Disclaimer | This article may contain affiliate links, this means that at no cost to you, we may receive a small commission for qualifying purchases.
A new clinic in the eastern part of the Democratic Republic of Congo was designed by RSP Architecture of Minneapolis and built and staffed by local workers. It’s part of a Congolese-American Refugee Committee initiative called Asili.
Interesting developments continue to sprout from an ambitious venture in central Africa. It’s Asili, a multiyear clean water-health-agriculture development designed by Congolese collaborating with the Minneapolis-based American Refugee Committee (ARC) in a part of Democratic Republic of Congo still devastated by a 15-year civil war.
Most recently, Minneapolis-based RSP Architecture designed for free a medical clinic at the Asili site that opened this month. It was built by locals and is staffed by local health professionals.
“For a relatively small effort on our part, we feel we made a substantial impact in a health crisis,” said Derek McCallum, RSP design principal. “It’s not big. We’re in the habit of designing a half-million square feet at a time. We have a commitment. They intend to build more health clinics, if the Asili model works over three years, and can monetize itself. We hand the keys to the locals.”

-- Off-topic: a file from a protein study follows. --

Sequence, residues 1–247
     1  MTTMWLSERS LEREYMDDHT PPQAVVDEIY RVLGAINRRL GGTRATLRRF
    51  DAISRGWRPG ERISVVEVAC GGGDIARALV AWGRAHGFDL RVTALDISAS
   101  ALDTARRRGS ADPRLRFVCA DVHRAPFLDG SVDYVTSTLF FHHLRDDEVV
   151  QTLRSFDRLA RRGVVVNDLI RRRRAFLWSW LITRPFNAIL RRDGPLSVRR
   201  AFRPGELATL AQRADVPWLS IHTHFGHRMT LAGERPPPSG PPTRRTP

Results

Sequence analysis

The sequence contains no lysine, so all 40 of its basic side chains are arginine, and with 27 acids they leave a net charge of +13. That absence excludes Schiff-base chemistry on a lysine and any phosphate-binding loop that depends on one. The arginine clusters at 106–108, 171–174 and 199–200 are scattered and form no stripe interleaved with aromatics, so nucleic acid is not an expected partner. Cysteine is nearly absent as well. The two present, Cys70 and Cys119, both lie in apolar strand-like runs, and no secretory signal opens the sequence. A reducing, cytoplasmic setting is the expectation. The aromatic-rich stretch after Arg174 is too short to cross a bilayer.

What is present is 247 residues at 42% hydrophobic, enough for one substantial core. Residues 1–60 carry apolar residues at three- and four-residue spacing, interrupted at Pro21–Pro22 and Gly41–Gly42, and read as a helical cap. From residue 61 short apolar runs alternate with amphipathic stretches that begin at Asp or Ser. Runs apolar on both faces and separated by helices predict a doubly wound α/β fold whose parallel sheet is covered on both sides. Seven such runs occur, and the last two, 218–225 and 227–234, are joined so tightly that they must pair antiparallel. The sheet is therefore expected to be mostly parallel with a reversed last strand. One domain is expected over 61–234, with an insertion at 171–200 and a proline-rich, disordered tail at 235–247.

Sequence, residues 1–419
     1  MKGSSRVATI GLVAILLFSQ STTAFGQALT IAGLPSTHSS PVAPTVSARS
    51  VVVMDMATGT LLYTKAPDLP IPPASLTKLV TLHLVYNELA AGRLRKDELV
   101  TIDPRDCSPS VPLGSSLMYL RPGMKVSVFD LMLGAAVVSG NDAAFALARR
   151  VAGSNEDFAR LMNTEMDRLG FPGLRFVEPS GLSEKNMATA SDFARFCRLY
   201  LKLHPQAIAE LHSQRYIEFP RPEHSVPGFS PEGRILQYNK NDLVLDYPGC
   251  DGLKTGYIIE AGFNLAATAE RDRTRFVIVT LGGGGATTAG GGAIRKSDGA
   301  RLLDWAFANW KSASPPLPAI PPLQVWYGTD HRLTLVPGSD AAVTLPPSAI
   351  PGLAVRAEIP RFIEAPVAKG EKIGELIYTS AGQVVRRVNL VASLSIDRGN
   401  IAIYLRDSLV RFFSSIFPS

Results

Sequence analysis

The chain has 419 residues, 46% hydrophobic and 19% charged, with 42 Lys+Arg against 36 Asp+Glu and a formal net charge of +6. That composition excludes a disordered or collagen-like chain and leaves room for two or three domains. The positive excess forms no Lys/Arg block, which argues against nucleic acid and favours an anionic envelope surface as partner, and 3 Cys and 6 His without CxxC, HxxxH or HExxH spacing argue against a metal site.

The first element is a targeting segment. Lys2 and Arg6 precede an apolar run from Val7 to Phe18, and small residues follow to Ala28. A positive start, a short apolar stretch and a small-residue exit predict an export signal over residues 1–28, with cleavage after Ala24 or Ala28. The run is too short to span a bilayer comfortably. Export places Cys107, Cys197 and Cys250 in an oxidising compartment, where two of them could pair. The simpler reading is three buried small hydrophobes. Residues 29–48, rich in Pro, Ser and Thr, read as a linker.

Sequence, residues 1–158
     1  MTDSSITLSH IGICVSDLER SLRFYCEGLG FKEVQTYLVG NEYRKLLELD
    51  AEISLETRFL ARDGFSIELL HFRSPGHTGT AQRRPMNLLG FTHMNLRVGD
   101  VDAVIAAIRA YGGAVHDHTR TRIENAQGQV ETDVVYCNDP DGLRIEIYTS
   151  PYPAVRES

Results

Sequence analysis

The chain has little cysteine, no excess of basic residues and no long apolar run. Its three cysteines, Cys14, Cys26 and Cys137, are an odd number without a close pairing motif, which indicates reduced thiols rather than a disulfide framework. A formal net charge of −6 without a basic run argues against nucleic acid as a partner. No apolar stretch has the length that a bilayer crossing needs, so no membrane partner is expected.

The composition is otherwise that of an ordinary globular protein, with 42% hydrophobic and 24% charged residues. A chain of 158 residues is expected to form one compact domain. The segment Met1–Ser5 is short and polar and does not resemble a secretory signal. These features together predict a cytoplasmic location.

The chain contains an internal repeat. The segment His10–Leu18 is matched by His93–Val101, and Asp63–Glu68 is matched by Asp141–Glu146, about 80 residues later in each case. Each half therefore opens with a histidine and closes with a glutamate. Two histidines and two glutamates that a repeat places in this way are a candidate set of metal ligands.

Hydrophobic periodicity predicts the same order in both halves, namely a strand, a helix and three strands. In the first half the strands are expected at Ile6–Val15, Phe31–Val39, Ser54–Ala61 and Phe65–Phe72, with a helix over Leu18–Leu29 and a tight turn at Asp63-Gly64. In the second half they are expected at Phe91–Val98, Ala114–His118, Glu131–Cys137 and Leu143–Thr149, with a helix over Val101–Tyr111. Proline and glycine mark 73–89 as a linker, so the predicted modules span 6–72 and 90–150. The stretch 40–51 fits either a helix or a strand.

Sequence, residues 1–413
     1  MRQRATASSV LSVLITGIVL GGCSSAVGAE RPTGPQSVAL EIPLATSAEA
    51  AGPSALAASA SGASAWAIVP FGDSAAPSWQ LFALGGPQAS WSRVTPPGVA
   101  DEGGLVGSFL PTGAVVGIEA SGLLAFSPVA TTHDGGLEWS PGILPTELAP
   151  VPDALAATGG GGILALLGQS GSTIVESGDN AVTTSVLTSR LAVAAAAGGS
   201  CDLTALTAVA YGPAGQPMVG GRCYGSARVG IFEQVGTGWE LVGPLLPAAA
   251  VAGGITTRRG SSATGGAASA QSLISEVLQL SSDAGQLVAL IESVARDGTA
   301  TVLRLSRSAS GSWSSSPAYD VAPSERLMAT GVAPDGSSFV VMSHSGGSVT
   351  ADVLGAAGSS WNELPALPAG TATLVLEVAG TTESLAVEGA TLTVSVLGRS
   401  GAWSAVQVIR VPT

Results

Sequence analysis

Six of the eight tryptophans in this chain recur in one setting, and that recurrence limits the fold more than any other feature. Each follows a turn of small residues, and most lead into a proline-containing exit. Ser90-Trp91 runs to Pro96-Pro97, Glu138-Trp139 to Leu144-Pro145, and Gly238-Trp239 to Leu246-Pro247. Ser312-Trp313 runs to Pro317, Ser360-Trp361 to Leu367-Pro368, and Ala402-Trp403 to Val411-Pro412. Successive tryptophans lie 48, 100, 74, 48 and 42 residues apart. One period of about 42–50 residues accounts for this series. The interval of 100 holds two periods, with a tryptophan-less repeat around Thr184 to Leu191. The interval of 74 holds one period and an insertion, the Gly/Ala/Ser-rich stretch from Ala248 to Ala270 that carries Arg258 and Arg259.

RSP was connected to ARC, located about a mile from each other in northeast Minneapolis, by John Griffith, an ARC-supporting businessman. ARC focuses on refugee-and-grassroots redevelopment in tough parts of Africa, the Middle East and Southeast Asia. It challenged USAID several years ago to match it dollar-for-dollar in developing several “Asili zones” to demonstrate that local people could increase their health and wealth through small-scale agriculture, clean water and health services that ultimately will be entirely operated by local folks. […]